New Bank Secrecy Act Rules, Implications for Tribal and other Casinos

By Andrea Lord Goldstein of Smith, Shelton and Ragona www.ssr-lawyers.com

 On July 21, 2011, the Financial Crimes Enforcement Network (“FinCEN”) released new regulations relating to Money Services Businesses (“MSB”). FinCEN is part of the Department of Treasury that focuses on preventing and detecting money laundering.  The new rules are in addition to the existing requirements for Casinos and Card Clubs found at 31 U.S.C. Part 1021. Indian tribal casinos should be knowledgeable about the new regulations so that they can determine if compliance with the new rule is necessary and so that they can design future promotions and programs in a manner that avoids triggering the applicability of the regulations.

      A casino may qualify as an MSB if it is a provider of pre-paid access to funds in exchange for a check, monetary instrument, or other instrument (i.e., cash, credit or debit card, traveler’s check, foreign currency). 31 U.S.C. § 1010.100(ff)(2)(ii)(A).  If a Casino allows players to place funds on their player rewards card and use the card to play in the Casino or make purchases at local restaurants or retailers, this could qualify.  Gift cards could also qualify.  MSBs need to register with FinCEN and keep records of transactions for five years, including identifying information about the purchaser, among other requirements.[1]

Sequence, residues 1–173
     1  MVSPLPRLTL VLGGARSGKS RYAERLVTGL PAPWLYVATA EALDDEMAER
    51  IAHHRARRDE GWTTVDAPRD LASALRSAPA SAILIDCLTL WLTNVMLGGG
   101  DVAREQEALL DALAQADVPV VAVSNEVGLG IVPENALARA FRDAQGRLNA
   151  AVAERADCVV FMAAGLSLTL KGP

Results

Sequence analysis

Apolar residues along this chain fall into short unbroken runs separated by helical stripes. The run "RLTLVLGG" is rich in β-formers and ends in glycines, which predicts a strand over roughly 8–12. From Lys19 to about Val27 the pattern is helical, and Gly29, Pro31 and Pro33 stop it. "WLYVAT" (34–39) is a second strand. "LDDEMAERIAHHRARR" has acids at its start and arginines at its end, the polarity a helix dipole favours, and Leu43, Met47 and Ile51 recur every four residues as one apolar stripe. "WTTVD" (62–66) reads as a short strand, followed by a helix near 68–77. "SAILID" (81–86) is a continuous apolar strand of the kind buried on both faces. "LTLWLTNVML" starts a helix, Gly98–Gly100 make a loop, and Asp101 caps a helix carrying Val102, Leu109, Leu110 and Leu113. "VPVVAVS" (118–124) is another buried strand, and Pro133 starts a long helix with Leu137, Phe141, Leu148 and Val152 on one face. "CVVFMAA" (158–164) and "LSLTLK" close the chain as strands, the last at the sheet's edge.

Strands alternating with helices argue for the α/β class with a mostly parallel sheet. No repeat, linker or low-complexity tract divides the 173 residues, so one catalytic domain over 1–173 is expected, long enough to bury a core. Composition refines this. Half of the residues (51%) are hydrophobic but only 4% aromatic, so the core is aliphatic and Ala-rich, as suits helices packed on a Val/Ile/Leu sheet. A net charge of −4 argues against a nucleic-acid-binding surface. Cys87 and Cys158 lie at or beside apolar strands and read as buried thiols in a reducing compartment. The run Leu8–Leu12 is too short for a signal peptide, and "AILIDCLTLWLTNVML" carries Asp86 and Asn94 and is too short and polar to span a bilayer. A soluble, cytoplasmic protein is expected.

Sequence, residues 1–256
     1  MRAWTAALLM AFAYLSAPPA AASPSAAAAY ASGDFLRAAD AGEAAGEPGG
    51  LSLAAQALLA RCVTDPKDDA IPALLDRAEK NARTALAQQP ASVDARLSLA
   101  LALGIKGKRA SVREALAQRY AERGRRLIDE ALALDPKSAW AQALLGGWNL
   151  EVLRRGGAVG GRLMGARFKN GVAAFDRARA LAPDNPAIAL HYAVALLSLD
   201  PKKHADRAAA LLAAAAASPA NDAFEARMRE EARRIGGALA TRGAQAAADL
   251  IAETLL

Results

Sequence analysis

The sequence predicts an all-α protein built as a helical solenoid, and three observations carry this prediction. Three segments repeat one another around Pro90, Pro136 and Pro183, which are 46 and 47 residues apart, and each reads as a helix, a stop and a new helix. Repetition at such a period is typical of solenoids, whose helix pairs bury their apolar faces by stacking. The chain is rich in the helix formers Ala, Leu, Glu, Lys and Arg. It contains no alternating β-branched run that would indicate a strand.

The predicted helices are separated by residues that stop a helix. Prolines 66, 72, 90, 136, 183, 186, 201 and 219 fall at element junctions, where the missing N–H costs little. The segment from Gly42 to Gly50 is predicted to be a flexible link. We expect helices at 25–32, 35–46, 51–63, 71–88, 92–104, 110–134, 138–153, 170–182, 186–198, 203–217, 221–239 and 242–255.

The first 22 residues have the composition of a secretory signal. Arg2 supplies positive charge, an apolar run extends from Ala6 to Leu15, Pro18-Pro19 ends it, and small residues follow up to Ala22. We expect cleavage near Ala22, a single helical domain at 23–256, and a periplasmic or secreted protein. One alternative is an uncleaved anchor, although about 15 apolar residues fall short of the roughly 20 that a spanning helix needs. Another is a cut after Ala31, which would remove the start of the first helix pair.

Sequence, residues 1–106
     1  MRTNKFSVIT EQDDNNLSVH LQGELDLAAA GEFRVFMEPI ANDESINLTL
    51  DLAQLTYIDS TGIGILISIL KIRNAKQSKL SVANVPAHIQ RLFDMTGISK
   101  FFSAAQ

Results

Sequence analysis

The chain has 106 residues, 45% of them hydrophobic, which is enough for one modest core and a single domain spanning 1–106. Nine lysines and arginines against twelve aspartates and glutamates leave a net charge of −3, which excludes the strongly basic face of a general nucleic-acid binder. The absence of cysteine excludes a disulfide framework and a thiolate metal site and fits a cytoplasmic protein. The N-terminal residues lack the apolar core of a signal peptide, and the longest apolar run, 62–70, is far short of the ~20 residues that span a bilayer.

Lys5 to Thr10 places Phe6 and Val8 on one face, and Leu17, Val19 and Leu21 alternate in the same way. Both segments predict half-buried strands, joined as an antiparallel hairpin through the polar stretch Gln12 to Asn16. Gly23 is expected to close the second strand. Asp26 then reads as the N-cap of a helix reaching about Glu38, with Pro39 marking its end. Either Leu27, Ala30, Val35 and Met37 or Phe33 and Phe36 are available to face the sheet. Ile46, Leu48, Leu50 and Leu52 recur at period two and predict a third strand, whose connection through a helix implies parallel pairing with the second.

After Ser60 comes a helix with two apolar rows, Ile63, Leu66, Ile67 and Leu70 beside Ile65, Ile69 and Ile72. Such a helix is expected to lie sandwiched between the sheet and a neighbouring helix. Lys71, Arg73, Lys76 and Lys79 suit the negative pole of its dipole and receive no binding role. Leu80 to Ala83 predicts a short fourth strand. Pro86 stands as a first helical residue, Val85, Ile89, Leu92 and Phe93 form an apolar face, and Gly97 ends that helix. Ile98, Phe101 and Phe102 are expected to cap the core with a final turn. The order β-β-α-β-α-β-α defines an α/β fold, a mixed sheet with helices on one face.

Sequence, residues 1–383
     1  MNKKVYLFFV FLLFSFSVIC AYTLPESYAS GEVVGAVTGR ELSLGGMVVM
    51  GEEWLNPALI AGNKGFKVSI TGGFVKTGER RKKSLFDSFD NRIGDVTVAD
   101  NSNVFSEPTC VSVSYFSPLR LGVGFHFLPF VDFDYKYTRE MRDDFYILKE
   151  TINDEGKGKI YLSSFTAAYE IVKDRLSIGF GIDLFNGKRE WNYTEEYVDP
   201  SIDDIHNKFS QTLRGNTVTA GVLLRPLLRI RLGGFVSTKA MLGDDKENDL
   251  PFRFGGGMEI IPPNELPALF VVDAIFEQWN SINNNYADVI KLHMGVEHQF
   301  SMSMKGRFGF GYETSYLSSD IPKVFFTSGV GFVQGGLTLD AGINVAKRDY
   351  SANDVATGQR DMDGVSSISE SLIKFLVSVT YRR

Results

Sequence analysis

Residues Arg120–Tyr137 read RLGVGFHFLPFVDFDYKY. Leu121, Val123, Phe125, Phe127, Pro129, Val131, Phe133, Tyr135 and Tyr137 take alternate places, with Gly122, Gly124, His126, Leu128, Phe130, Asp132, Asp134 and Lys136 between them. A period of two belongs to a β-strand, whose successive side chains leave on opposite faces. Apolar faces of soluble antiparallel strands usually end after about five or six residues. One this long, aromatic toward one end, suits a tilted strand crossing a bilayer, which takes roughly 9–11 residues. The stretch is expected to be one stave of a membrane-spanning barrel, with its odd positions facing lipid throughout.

Fortunately, there are exceptions to the prepaid program provisions.  If the program is a “closed loop” that only allows the user to access the funds at limited locations and the amount of funds that can be accessed in a day is under $2,000, it is exempted from being a prepaid program, so the casino would not be a prepaid program provider and therefore would not be an MSB.[2]  This exception also applies if the casino provides prepaid access to funds for salaries and incentives, employee benefits, pre-tax flexible spending arrangements for health care and dependent care expenses, or for health reimbursement arrangements for health care expenses.[3]

      This is a brief summary of the most likely aspects of the new regulations to affect tribal casinos, not a full restatement of the rule. We recommend consulting with an attorney before beginning any new programs involving gift cards or allowing patrons to preload their players cards with funds for play of gaming machines or purchases so that you may determine how best to proceed. 

 

If a proposed program triggers the MSB regulations and cannot be revised to avoid doing so, the Casino’s anti-money laundering program and training would need to be updated and other steps taken to ensure compliance with federal law.

 You can review the new regulations here: http://www.regulations.gov/#!documentDetail;D=FINCEN_FRDOC_0001-0009.

Smith, Shelton and Ragona is available to help you evaluate your anti-money laundering protections should you so desire.

 

 


[1] 31 U.S.C. § 1022.420. 

[2] 31 U.S.C. §§ 1010.100(ff)(2)(ii)(A), 1010.100(ff)(4), 1010.100(ff)(4)(iii).

[3] Id.